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chronicle from Smith’s Falls

7.15 p.m. on the sunny train home – just leaving Smith’s Falls. I wonder who Smith was. This will go down as a marvellous but absolutely exhausting voyage, juggling the needs of the extremely young and the extremely old, my 7 week old grandson and my nearly 89 year old mother, neither of whom can remember much or is very ambulatory.

Today Anna wanted us all to go to her favourite café for lunch, which is a great idea except for the logistics – finding a time that worked for everyone and getting us there: Auntie Do, who at 92 is spry and sharp; the baby, who is a champion traveller as long as he’s full, which means his mother preparing bottles and pumping and nursing most of her day. Then getting my mother out of her room and down in the elevator in her walker and into the tiny rental car and over to the restaurant and into the restaurant and sitting down and fed. She is so thin, so frail. This morning I pushed her, sitting on her walker, to look at the bigger room she’ll be moving into in a few weeks, down the hall, to figure out which of her furniture pieces will fit. We looked and I jabbered about this chair and that bookshelf, and when I turned around, she had fallen asleep, sitting on the walker. Heartbreaking.

There was a funny moment on Saturday, when I was coming in to see her just as the movie showing on the residence ground floor got out. I was alone in the elevator when a whole crowd of seniors appeared wanting to get in too – and I had a cruel moment, as they approached, slowly and awkwardly with canes and walkers, shuffling, staggering, odd shapes and sizes, mumbling – a voice in me said, “Aaagh! Night of the living dead!” I felt guilty for thinking so and we smiled; they’re charming and friendly. But being surrounded by a crowd all over 85 is something of a shock.

And then a visit to my brother in Chelsea, Quebec, getting out there another masterpiece of organization. He took us and his young son, not my mum who stayed back for a snooze, to his “yacht club” two minutes down the road – a wonderful folksy place on a Gatineau lake surrounded by huge fir trees; we plunged in and had a swim. A real Canadian experience.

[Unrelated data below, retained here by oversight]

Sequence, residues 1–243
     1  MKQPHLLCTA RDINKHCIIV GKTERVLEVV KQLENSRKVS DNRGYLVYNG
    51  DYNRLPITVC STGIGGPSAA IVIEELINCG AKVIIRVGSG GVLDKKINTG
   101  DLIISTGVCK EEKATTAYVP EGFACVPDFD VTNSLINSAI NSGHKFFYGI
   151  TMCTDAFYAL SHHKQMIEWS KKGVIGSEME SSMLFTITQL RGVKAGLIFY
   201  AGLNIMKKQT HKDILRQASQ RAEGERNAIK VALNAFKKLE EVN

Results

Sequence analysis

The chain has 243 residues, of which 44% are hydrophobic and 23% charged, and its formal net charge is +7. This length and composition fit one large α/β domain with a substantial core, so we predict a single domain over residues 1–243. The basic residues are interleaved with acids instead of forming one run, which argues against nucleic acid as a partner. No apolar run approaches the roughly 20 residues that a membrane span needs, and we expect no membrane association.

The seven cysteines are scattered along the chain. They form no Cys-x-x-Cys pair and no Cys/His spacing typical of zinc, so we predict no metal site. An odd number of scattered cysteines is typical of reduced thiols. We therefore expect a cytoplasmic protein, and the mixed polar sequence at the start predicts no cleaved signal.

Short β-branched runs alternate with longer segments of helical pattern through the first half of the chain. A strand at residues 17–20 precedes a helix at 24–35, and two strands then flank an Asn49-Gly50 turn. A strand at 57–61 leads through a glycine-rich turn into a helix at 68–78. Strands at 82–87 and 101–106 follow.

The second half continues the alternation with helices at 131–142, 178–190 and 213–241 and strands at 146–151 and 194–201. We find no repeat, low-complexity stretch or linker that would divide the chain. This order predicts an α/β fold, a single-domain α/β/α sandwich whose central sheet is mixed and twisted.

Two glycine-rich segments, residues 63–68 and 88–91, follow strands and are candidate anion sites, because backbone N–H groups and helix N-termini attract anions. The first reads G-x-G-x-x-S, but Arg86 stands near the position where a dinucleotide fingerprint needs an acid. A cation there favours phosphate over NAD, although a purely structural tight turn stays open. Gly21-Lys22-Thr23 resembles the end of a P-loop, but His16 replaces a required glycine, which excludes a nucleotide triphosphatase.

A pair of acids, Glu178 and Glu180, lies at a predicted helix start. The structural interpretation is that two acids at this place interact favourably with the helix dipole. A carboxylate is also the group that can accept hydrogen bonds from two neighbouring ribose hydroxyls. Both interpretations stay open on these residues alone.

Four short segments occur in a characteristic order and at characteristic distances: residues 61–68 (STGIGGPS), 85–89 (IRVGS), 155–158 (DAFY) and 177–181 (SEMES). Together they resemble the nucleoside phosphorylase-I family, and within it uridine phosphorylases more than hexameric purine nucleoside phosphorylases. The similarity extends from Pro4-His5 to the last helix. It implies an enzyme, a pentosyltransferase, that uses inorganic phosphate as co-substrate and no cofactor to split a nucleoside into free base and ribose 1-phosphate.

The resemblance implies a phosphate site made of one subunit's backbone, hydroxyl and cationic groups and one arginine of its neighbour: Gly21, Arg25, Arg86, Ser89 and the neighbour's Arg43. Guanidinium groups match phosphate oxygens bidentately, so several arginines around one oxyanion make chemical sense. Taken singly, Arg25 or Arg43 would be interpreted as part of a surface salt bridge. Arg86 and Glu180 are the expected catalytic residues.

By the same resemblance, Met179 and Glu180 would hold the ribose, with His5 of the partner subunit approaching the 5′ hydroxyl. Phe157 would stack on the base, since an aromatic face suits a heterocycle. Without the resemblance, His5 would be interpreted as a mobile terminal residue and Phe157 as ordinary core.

In Mum’s condo today, I opened a cupboard and found a huge folder entitled “Beth’s Writings,” and another box full of my letters to her. Took some with me. My life, all our lives in the family, have had a lifelong archivist. Lucky us; they’re not cutting HER budget.

But mostly, on top of spending time with my Ottawa family, it was bonding with my daughter and her incredibly delicious baby that made this trip so memorable. What joy to watch one’s child become a wonderful parent. And this baby, well, spectacular, giving pleasure to all. Do said he was the best baby she’d ever seen, and that’s 92 years of babies. I confess there are many photos. Perhaps you won’t mind my sharing just a few.

But ye gods, I will be happy to be home and just have my own body to prop up, my own mouth to fill, and my own functional little legs to carry me about. Well, just me to look after and the crabby cat, who as usual will be overjoyed at my return – ha ha – and the house and tenants and garden. A different kind of caregiving. Don’t have to get them into a car.

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2 Responses to “chronicle from Smith’s Falls”

  1. The city is named for Thomas Smyth, a United Empire Loyalist who in 1786 was granted 400 acres (1.6 km2) in what is present-day Smiths Falls.

  2. beth says:

    Mon dieu, you are the Google speed champion, or else you have a Ph.D. in obscure Canadian facts. Many thanks, Chris!

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About Beth

I began keeping a journal at the age of nine. Nearly fifty years later, I started this online journal, sharing reflections, reviews, updates, and the occasional secret.

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